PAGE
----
The Bangladesh Small and Cottage Industries Corporation (BSCIC) – the project implementing agency – is in crisis over completing the construction of the central effluent treatment plant (CETP) at the Tannery Industrial Estate in Savar.
Chinese contractor JLEPCL-DCL JV has not completed the work even after receiving 11 time extensions.
The last extension expired on 30 December and the company once again has asked for three more months till March 31 to complete the work.
In this situation, the liquid waste of the tannery village cannot be treated properly and thus the water of the River Dhaleshwari is being polluted.
Tannery owners are also dissatisfied with the waste management.
Shaheen Ahmed, president of the Bangladesh Tanners' Association (BTA), said that the delay in CETP construction is negatively impacting the tannery industry.
He called upon the authorities concerned to work quickly without wasting any more time.
On 11 March, 2012, the tender was awarded to JLEPCL-DCL JV through an international tender to build the CETP within two years.
The project cost was estimated at Tk477.46 crore, the construction time was 18 months and the commissioning and stabilisation time was another six months.
In 2003, the BSCIC undertook the project to build the Tannery Industrial Estate to relocate all the tanneries in Hazaribagh to Hemayetpur, Savar to save the River Buriganga from tannery waste contamination.
In 2017, all the Hazaribagh tanneries were shifted to Savar on the outskirts of the capital before the project was completed.
Jitendra Nath Paul, project director of the tannery village, told The Business Standard, "We are in a crisis over the delay in setting up the CETP. The contractor has not completed the work even though the time was extended many times before."
"The contractor has sought a time extension for a 12th time, saying that technicians could not arrive due to the Covid-19 pandemic. We have forwarded it to the industries ministry. No decision has been made yet to extend the time," he added.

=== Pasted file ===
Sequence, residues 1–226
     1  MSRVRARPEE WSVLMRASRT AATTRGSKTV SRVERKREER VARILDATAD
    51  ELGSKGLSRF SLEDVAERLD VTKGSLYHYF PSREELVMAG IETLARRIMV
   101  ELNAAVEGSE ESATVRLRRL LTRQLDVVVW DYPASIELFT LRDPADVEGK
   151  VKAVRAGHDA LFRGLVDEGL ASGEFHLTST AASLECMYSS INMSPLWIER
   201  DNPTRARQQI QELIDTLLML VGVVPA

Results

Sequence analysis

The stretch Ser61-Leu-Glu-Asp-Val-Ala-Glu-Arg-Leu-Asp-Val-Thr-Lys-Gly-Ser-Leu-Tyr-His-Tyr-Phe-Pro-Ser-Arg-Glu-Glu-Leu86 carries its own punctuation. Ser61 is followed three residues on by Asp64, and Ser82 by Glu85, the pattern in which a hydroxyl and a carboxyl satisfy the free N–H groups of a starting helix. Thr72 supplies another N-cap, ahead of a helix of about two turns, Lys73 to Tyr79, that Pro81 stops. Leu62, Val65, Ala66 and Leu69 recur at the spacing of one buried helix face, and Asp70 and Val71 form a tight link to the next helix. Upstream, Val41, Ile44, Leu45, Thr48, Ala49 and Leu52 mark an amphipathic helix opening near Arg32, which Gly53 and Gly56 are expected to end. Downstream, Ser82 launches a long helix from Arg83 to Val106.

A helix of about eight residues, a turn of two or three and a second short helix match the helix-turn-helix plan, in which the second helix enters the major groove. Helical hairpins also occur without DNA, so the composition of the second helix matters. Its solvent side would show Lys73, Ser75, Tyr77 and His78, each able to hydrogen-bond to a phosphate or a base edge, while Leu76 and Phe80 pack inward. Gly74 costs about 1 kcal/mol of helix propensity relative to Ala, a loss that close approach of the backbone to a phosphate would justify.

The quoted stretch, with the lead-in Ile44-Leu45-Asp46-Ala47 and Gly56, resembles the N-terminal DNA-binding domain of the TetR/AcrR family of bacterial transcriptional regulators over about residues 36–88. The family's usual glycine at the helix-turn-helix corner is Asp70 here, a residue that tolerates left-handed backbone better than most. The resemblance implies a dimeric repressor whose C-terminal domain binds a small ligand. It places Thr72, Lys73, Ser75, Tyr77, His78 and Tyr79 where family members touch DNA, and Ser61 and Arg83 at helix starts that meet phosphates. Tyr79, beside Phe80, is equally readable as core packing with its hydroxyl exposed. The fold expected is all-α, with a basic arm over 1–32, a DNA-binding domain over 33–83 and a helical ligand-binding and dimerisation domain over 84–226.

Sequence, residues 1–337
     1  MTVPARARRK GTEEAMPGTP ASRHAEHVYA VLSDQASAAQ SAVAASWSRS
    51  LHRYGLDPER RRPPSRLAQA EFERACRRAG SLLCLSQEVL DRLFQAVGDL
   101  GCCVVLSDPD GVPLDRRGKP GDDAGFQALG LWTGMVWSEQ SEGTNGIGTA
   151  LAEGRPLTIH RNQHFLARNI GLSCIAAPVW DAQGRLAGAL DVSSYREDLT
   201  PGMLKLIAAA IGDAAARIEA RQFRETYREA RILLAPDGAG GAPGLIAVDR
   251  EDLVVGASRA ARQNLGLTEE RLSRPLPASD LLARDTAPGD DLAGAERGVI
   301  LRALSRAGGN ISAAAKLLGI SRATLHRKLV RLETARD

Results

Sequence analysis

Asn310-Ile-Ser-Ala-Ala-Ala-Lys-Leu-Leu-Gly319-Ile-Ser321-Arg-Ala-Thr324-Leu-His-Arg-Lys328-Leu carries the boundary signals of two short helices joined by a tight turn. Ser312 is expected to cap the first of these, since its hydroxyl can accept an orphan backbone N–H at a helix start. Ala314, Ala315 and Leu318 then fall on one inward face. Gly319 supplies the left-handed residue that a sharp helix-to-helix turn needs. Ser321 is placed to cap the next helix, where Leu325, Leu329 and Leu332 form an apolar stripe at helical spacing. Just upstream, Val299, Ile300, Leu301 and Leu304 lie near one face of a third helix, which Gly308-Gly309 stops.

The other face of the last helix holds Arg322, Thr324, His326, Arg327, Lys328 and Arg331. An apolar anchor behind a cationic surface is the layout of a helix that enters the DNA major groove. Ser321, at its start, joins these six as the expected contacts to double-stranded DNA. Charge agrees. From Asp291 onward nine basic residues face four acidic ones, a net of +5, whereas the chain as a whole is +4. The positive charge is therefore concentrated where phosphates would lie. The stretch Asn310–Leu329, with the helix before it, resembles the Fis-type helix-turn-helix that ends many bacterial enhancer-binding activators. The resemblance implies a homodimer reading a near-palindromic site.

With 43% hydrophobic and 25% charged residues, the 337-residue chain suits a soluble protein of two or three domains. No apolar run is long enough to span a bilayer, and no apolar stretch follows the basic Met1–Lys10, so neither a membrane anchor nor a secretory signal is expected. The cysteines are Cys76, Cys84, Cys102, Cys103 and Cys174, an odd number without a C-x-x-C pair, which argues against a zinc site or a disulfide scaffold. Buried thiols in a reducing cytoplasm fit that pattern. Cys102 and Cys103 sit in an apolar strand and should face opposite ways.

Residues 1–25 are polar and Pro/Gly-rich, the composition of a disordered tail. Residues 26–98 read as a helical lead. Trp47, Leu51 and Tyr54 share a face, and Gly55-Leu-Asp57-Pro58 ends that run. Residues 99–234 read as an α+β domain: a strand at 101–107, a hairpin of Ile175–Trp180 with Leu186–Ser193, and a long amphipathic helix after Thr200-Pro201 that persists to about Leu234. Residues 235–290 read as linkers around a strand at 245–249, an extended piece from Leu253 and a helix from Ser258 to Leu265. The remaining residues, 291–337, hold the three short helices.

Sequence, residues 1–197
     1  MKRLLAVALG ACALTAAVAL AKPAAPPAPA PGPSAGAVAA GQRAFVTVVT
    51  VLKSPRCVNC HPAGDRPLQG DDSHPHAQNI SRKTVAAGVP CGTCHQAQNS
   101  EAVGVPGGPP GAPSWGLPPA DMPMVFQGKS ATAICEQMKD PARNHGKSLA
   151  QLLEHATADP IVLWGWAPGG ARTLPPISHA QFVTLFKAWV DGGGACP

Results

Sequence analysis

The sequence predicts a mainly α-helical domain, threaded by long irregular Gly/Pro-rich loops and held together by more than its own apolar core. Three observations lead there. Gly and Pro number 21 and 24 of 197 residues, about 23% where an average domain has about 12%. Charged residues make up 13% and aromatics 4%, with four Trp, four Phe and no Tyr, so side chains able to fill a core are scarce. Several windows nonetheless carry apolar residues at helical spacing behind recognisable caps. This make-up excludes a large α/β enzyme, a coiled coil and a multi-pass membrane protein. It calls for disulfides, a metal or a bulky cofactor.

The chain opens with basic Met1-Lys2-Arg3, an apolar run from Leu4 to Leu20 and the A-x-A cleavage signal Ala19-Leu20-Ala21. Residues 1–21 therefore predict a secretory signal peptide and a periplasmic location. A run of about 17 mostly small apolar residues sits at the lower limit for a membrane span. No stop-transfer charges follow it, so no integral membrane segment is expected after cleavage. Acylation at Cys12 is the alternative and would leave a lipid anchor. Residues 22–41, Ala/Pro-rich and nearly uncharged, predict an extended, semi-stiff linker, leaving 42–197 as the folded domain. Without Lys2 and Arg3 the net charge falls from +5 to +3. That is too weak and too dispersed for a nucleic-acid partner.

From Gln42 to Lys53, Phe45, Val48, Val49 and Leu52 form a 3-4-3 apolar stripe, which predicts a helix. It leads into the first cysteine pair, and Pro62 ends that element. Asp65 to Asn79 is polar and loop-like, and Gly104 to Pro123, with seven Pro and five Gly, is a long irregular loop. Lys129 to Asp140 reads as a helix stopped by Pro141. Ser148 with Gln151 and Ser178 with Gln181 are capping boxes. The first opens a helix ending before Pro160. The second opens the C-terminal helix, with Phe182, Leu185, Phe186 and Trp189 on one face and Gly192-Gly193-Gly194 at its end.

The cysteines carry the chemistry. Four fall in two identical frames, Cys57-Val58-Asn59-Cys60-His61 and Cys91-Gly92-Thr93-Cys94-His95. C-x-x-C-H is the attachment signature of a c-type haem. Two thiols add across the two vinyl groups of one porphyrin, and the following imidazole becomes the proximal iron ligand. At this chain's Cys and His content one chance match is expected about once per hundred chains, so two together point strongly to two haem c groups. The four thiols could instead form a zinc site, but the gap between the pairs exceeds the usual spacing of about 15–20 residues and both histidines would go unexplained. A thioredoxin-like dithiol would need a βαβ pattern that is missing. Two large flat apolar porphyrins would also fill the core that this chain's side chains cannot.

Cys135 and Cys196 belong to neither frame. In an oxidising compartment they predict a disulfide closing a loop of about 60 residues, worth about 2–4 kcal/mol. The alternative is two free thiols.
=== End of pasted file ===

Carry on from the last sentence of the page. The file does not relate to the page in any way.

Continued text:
Noting that the contract with the company cannot be cancelled, he said that if the contract is scrapped, a new tender will have to be called, which is a very time-consuming process.
The contractor has also been informed about BSCIC's dissatisfaction with the repeated time extensions.
Currently, a trial run of four modules of the CETP is going on. When the work is completed, the CETP is expected to be able to treat 25,000 cubic metres of liquid waste every day.
In the first phase, the implementation period of the project was extended till 6 January, 2014. Then the time was extended by 10 months in the second phase, eight months in the third phase, and six months in each from the fourth to seventh phases.
The time was extended by three months in each of the eighth and ninth phases. In the tenth phase, the time was extended by 10 months.
The deadline was extended till 30 December in response to the eleventh application of the contractor to extend the time.
In the twelfth application sent to the project director, the Chinese contractor said, "The remaining work could not be finished before the deadline due to the dearth of Chinese technicians and skilled workers."
"A requisite number of Chinese skilled workforce must be engaged – to put the finishing touches on the long-cherished project – [including] notable automation engineers, professional laboratory technicians and lecturers dedicated to holding workshops plus seminars as well as offering specialised hands-on training to BSCIC officials," he added.
"In order to finish the project, we need to import the goods from China but we could not open an LC," read the application.
With the Chinese spring festival in February of 2021, Chinese nationals are reluctant to come to Bangladesh before that festive occasion because they are waiting to be reunited with their nearest and dearest ones to celebrate this traditional festival of utmost significance, the application further said.